If my October was a busy month because of the Scotland trip, then my November has been a month full of distractions. Anything can be a distraction, whether it is something that gets in your way despite your best efforts to avoid it, something you let get in your way because it offers a welcome break, or even things you intentionally seek out to avoid doing work. Distractions can be things, people, or even whole projects which keep you from (Meaning: “prevent you from doing”) a specific task which is often more important than the chosen distraction, but not necessarily.
My November 2018 Distraction
November could and should have been a big month for blogging, but I really didn’t spend much time producing November posts due to a couple of key distractions.
First, I spent a lot of time in October experiencing Scotland, but I didn’t spend a lot of my time overseas blogging about those experiences. Once I got home, I had to catch up by finishing the posts I had started while in Scotland as well as those I had intended to write. That means that my blogging in November consisted of catching up on my October blog posts rather than working on any November blog posts. Unfortunately, the time I spent in November writing about October, left me little time to write anything for November.
Second was my biggest distraction – a major editorial project which dominated most of my time in November. This was definitely a serious distraction, but it is for a volunteer position so it was not technically work. But since it is a position I take very seriously, I willingly allowed it to dominate my time throughout November. Because it was a writing, editing, and layout project, when I did take breaks from it, blogging was not high on the list of things which seemed to qualify as a break.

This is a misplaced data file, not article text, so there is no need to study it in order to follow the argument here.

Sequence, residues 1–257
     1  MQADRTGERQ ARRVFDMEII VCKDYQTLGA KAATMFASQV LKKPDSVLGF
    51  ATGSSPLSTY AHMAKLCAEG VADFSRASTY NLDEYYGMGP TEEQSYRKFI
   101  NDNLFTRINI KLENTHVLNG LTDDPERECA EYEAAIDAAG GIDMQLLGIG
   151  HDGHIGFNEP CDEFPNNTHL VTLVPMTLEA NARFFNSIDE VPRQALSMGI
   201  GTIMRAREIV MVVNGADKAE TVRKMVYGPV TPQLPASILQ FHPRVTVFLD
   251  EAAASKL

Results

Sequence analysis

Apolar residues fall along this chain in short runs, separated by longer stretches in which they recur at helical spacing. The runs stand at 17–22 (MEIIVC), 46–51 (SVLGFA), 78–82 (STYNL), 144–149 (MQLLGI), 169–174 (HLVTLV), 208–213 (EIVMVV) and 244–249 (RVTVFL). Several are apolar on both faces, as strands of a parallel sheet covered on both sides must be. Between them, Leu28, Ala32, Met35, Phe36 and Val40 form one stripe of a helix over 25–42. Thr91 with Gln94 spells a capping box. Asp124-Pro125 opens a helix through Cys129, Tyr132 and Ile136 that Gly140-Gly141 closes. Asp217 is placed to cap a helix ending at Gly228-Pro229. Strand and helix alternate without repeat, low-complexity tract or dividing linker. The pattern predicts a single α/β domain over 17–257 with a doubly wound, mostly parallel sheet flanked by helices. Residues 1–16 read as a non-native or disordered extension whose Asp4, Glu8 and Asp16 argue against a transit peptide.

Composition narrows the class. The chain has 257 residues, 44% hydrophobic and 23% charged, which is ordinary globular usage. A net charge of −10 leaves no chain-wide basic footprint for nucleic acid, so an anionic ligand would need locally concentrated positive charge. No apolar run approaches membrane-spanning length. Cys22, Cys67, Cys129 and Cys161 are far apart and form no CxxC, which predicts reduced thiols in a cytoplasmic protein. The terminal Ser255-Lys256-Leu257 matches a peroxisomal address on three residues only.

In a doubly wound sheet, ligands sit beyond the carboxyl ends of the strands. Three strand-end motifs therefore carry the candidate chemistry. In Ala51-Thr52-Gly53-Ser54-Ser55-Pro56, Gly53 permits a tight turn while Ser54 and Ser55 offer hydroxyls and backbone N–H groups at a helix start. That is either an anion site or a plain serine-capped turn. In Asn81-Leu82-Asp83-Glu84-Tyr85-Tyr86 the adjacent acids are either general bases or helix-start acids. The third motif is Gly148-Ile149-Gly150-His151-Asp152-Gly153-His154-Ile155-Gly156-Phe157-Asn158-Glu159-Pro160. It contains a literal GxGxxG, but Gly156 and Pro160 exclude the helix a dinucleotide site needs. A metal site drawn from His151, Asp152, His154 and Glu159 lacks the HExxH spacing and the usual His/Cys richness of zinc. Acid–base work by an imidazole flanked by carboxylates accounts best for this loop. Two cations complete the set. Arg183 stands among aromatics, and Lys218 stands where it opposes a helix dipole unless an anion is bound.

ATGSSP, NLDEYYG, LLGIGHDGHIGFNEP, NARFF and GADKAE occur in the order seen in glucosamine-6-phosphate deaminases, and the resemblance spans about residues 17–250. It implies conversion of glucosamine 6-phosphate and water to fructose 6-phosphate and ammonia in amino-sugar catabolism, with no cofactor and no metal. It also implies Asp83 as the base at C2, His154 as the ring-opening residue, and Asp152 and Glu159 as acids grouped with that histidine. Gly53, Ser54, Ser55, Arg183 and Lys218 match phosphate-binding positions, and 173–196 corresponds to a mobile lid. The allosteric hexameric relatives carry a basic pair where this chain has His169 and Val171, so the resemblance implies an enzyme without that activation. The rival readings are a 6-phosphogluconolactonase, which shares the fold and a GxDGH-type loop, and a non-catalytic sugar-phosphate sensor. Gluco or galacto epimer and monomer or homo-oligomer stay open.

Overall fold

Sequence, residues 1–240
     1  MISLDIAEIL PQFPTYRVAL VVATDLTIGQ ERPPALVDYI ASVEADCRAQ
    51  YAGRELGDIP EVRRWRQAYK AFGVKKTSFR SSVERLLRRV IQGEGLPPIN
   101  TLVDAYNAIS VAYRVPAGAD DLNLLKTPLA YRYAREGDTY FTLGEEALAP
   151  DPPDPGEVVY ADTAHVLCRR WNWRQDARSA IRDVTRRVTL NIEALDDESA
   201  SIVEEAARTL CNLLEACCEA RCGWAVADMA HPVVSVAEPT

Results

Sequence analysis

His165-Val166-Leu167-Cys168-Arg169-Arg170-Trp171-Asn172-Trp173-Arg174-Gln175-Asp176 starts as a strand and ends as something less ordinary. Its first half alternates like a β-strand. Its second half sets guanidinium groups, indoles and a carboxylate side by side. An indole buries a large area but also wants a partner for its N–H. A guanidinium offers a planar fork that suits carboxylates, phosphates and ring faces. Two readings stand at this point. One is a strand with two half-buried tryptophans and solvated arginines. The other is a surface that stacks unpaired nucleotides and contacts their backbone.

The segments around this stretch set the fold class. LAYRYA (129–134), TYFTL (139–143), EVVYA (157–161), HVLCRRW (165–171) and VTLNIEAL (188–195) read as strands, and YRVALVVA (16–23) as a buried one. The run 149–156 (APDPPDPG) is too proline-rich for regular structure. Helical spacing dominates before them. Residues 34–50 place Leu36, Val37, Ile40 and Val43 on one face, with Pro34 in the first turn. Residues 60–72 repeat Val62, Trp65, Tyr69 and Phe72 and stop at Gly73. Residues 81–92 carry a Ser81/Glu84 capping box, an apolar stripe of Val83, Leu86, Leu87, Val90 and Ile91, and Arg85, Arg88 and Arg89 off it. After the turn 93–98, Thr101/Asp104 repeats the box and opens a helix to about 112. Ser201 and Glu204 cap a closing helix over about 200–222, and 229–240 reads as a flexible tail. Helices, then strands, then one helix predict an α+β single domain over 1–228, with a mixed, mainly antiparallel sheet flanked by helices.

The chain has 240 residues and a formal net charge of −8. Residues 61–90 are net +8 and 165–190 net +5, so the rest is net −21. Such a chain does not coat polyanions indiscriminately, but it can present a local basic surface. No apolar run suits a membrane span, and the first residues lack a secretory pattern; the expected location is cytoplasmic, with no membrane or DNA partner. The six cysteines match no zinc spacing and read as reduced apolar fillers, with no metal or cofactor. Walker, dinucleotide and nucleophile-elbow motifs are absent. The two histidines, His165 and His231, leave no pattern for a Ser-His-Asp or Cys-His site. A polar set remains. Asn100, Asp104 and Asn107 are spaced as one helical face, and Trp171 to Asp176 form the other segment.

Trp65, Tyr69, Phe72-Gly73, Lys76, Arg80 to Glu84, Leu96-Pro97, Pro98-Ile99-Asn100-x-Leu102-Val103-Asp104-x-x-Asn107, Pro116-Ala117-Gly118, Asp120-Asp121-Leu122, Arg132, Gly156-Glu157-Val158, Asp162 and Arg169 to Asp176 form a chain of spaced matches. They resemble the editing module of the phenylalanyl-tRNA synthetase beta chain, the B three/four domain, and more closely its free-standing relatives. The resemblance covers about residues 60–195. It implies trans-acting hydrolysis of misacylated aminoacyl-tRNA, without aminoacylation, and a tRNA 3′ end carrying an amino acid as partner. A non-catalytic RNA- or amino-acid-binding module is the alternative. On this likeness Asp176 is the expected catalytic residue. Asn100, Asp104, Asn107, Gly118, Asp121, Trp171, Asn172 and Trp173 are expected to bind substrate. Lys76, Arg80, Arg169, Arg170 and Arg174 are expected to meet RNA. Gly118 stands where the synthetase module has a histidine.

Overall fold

Finally, as I have mentioned in my most recent Fit First post, I had dropped out of my fitness routine since returning from Scotland. This gave me an excuse to say that I didn’t have much to write about. However, there was still plenty that I was busy with. I wrote several articles which could have been (and still may be) adapted into a blog post. Even though I wasn’t cycling regularly, I could have written about the times I was cycling, or even how hard it was to get back into a routine.
There are techniques that you can use to eliminate or minimize distractions. But before you look at how to avoid distractions, you should also consider whether you really should eliminate distractions. The reason we seek distractions is to provide our brain and body with necessary breaks so we really shouldn’t look to eliminate distractions, rather we should seek to regulate our distractions to minimize their impact on our work.
Strategy 1: Goal Setting – There have been countless volumes written full of theories and techniques about goal setting. I myself have read several of them and at one time was required by an employer to use the Franklin-Covey system for goal setting and time management. There is little I could add to the existing theories of goal setting in a blog post of this length, so I won’t even try (although I will likely have a few posts in January about planning and goal setting).
The important takeaway on goal setting is that you need to set them and put them in writing. Only when you have written goals can you chart and plan a course towards their completion and be able to know whether you’re on track or whether your distractions are putting you behind schedule.
Strategy 2: Scheduling – Not everyone uses a daily schedule where every hour of their day is assigned tasks, but anyone who keeps a calendar to remember upcoming dates understands the concept of creating a schedule to manage their time. But it takes a true master of time management to feel comfortable scheduling recreation and distractions. Why is this important? As long as you can stick to the schedule, a properly scheduled distraction won’t prevent you from getting your work done.
So how do you prevent distractions from getting in the way? Set goals. Create a daily, weekly, and monthly schedule to complete them. Then stick to the schedule. It’s that simple.